In 1694 the tercio went to Catalonia, and fought in the disastrous battle of the river Ter. It next defended Palamos, were it was taken prisoner. In 1697 the tercio had been exchanged, and went to defend Barcelona. In 1704 the regiment fought in Portugal. In 1705 it went to besiege Gibraltar. In 1706 it was taken prisoner at Alcantara, but already exchanged in October of the same year. In 1707 the regiment fought at Almansa.

3.5 Azules Viejos D. de Alarcon / TOLEDO

This tercio was first raised on 1 May 1661 from the inhabitants of Toledo. Its first Maestre de Campo was Don Diego Fernando de Vera. It was reviewed on 21 January 1664 under its second Maestre de Campo the Count de Frigiliana. It then got named Provincial de Toledo. On 3 September 1667 it had 143 officers, 65 reformed officers and the like, and 493 soldiers.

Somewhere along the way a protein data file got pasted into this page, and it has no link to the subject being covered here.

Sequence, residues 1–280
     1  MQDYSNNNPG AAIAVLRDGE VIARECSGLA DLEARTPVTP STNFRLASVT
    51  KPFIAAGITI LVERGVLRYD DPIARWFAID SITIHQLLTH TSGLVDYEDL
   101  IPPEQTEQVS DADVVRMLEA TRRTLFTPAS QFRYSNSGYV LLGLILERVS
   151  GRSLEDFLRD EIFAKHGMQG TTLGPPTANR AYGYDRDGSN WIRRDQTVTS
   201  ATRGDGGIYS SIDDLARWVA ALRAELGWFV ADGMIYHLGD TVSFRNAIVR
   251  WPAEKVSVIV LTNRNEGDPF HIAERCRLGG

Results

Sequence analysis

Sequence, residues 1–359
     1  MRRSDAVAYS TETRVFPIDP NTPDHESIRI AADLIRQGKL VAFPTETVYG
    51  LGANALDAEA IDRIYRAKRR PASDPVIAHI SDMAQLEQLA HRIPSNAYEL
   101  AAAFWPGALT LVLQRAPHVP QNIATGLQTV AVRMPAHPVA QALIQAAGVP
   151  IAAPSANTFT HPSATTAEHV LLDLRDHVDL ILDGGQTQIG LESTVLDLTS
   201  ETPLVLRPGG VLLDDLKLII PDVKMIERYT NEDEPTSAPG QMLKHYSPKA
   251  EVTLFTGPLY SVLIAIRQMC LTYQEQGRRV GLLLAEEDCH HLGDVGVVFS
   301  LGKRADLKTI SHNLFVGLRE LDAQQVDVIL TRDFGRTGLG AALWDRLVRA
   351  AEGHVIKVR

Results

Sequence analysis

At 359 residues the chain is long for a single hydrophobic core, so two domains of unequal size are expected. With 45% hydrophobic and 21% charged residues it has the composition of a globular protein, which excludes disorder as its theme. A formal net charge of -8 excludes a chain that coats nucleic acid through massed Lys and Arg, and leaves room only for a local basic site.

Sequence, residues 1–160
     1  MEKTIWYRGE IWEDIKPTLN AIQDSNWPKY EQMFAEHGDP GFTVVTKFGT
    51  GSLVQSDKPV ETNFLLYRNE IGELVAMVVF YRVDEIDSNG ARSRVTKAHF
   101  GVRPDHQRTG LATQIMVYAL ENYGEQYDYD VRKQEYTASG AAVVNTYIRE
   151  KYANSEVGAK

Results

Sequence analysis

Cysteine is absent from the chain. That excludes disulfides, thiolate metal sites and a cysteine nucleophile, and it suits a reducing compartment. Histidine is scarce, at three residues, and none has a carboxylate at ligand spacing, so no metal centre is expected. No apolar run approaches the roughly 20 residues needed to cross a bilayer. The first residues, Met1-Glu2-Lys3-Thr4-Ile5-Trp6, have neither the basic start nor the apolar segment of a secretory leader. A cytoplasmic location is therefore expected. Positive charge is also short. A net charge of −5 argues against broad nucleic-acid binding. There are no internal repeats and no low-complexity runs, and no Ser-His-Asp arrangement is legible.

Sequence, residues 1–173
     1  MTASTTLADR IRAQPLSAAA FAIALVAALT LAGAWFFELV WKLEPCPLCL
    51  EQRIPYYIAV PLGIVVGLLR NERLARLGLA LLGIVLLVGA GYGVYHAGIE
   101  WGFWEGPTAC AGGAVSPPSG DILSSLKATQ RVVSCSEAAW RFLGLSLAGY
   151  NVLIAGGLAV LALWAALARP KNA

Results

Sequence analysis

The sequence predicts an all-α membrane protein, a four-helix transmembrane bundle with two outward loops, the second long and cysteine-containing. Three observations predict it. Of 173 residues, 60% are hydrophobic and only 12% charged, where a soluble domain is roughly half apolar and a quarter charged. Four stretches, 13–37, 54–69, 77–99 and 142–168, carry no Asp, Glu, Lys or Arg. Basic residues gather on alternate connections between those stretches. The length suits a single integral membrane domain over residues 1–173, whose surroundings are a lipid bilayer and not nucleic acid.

In 1690 the tercio had 502 men at the end of the campaign. During the winter the tercio was reorganized by its Maestre de Campo Don Manrique de Noroña, and on 7 April 1691 it had 840 men. In 1693 Noroña was succeeded by Maestre de Campo the Count of Peñarubia. In 1697 the tercio was in the defense of Barcelona, where its Maestre de Campo Don Diego Alarcon was wounded.

In 1702 the tercio of Diego de Alarcon was ordered to leave Galicia, probably for Naples (SDRPV p.339). In May 1702 it arrived there and Alarcon was succeeded by Melchor de Montes Vigil, who had been Sargento Mayor of this tercio. The Tercio had returned from Italy and moved to Barcelona in 1703. In 1705 Barcelona was captured, and the Azules sailed from there and went to Almeria. In 1706 the officers of the Toledo; its colonel Don Melchor de Montes, its sergeant Major and up to 40 other officers were sent to Valencia to train the local militia. In the 1706 Valencia campaign these were taken prisoner.